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Crockers Market Research July 2017

ISSUE 136

Investors Thoughts on Labour Party's Rental Tax Reform

In May 2017, the Labour Party announced that if elected, they would phase out negative gearing over 5 years, by allowing tax deductions from investment property losses to be deducted only from housing income, not all income as is currently the rule. The intent of this law change would be to reduce property speculation and so make housing more affordable. The additional tax revenue would be used to fund insulation and heating grants.

Impact on Residential Rental Portfolio Intentions
The majority of investors (68%) surveyed in the Crockers Property Investment Index (CPII) survey in association with IPSOS stated that they would make no changes to their property portfolios as a result of this proposed policy change. However, 15% of investors stated that they would divest, suggesting that such a policy could have small but significant effects on the New Zealand property market.

Impact on Residential Property Prices
42% of investors feel that the proposed policy change will have no effect on property prices. However, more than one third (34%) of investors believe that property prices will decline, three times more than the proportion who feel that prices could rise as a result.

Impact on Rental Property Rent
Nearly two-thirds (68%) of investors stated that they will increase rents to some extent if this policy was implemented, with 47% of investors planning to increase rents by more than 3%. On the other hand, 25% of investors wouldn’t plan to increase rents.

Using an Insulation or Heating Grant for Residential Properties
More than half of investors (56%) stated that they are not interested in using the proposed insulation or heating grant as they believe their properties are already up to an adequate standard. While 28% of investors said they are somewhat or very interested in the proposed grants.

Housing Affordability Income Levels vs Rental and Sales Prices (Auckland vs NZ)

A simple ratio of weekly rental prices to weekly household income shows how rental affordability has changed over time. The larger the number, the greater the proportion of weekly income that is spent on rent. Similarly, we can look at ratio of median sales prices to annual household income to understand the affordability of purchasing property. The larger the number, the more unaffordable the properties are.

Across New Zealand the proportion of income spent on rent has remained relatively stable over the last 6 years, this trend is also consistent in Auckland. The Auckland rental premium, reflecting Auckland’s role as the commercial centre of New Zealand and as a popular destination for domestic and overseas migrants, is evident in these results.

In terms of affordability for purchasing properties, we see that across New Zealand it has decreased slightly over time. In Auckland, affordability decreased substantially between 2011-2015, anecdotally consistent with the Auckland housing market boom. However, housing affordability has remained relatively stable between 2015-2016.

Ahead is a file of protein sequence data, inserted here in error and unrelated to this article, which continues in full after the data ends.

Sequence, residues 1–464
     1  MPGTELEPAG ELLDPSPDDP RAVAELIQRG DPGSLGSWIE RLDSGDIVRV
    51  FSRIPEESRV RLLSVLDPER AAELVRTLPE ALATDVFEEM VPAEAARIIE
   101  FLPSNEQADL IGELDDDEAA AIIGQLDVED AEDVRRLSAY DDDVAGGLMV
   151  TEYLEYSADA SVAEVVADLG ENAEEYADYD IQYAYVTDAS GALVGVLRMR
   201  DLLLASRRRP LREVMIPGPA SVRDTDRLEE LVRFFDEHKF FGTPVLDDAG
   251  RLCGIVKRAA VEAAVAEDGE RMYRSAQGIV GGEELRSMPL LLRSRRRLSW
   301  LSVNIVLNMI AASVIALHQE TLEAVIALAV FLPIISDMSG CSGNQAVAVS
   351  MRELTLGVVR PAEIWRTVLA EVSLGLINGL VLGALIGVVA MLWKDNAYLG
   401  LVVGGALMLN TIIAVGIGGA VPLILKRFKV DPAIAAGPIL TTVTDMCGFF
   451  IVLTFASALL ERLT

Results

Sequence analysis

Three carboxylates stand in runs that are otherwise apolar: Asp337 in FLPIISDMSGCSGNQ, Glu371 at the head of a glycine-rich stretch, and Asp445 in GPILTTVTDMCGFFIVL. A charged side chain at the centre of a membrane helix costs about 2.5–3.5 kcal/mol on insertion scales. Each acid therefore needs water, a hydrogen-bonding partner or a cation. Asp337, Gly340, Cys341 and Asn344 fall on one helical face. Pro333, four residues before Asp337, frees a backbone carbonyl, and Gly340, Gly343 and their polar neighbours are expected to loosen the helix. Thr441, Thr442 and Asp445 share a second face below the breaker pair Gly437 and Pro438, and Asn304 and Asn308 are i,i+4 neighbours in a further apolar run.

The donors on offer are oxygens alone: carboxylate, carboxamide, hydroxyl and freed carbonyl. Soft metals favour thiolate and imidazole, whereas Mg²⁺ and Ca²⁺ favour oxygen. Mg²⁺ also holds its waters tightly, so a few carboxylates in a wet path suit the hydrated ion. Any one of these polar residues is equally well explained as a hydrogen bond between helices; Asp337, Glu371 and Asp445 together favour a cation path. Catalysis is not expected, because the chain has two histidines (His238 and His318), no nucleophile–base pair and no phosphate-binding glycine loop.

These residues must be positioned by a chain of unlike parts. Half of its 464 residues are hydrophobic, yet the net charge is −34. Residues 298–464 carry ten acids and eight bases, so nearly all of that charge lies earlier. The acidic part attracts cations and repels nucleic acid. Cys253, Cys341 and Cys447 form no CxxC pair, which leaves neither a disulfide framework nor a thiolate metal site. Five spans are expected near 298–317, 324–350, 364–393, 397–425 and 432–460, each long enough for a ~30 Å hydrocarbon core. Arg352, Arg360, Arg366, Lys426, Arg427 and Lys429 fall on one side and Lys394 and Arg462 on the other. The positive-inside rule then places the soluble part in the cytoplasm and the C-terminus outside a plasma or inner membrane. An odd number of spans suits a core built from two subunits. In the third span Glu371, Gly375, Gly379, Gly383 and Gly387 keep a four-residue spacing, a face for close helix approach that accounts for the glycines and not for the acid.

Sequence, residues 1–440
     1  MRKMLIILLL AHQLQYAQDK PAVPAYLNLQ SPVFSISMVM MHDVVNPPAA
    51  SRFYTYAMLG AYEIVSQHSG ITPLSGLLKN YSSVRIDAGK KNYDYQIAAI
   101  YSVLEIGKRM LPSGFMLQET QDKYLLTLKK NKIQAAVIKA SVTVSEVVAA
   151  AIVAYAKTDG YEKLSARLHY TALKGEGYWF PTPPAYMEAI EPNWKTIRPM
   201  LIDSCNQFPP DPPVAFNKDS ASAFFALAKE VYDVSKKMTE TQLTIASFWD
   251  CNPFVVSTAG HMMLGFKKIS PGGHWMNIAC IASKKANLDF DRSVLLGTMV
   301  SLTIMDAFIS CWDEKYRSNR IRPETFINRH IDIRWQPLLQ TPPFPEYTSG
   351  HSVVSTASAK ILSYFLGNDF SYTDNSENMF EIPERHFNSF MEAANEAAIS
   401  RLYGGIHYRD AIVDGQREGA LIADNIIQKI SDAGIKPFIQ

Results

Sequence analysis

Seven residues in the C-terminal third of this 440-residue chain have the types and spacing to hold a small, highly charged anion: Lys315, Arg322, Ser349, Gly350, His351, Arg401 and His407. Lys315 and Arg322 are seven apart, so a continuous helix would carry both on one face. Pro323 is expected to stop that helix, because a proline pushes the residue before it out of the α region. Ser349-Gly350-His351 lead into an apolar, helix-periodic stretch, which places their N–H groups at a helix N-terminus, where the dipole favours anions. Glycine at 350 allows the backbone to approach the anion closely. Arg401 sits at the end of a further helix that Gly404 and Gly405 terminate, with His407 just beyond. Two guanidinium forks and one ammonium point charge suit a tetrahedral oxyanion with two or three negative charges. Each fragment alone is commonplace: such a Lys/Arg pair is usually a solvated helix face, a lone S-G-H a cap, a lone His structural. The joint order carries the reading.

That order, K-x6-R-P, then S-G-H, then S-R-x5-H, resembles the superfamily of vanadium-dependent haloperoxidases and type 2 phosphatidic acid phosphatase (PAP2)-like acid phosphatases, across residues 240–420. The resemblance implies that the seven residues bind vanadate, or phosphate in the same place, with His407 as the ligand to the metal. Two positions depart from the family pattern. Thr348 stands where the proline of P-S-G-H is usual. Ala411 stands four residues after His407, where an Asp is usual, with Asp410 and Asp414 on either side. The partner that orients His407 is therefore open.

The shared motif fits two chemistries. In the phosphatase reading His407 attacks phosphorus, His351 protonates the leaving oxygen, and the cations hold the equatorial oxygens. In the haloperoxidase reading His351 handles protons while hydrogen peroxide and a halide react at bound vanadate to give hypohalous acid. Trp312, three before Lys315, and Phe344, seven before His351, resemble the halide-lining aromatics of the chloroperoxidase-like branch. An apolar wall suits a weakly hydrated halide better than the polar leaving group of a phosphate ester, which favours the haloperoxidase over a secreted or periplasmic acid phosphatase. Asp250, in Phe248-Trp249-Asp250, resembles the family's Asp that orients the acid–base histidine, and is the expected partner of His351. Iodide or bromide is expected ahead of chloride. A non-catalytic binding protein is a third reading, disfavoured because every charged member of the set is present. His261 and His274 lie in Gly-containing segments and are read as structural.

The below chart shows how income, rental prices and sales prices have changed over time. Growth in Auckland Sales prices is far greater than the growth in income, which is in term resulting in reduced affordability. The rate of growth over the past year has softened (compared to 2014-2015) but still remains substantially higher than growth in incomes. Although 2017 income data is not yet available, it’s unlikely that income will see a significant increase in line with the increase in house prices, which will contribute to further decreases in Auckland’s affordability for purchasing property.

The different rates in how rents and sales prices have increased show how rental returns have diminished on average, emphasising the need for good quality rental property investment and management decisions.

Crockers Property Investment Index

This month we see expected returns flattening, leading to a reduction in planned investment property expansion. The Auckland Rental Property Investment Index has stabilised following four consecutive months of improvement. This reflects an increase in the proportion of investors planning to make no changes to their property investments, coupled with a decrease in those planning to ‘increase’ or ‘decease’ their investments.

The Auckland Rental Property Performance Index has fallen this month to its lowest point since Jul ’14. This is a result of a considerable decrease in the proportion of investors who believe their investments will perform better over the next 12 months coupled with an increase in those who believe their investments will perform ‘worse’ and ‘the same’ over the same period.

Auckland Sales & Rental Update

Auckland Median Prices and Sales Numbers
The median sales price eased in May from $850,000 to $835,000, but remains 4% higher than at the same time last year. At current projections we may see within the next month or two the first year-on-year fall in median sales prices. Meanwhile, sales volume has increased from 1,836 to 2,399, but remains 25% lower than May 2016.

Auckland Rental Prices
Bucking the trend in house prices, over the past month we have seen average Auckland rents for a 2-bedroom residential property increase slightly from $477 to $481. Meanwhile, 2-bedroom rents across New Zealand have remained stable over the same period at $390 per week, resulting in the Auckland 2-bedroom premium to increase slightly from 22% to 23% in May.

Rents for 3-bedroom properties in Auckland also increased slightly this month from $614 to $620, while 3-bedroom rents across New Zealand have softened from $460 to $450, resulting in the 3-bedroom premium to increase from 34% to 38%.

Source: REINZ

 

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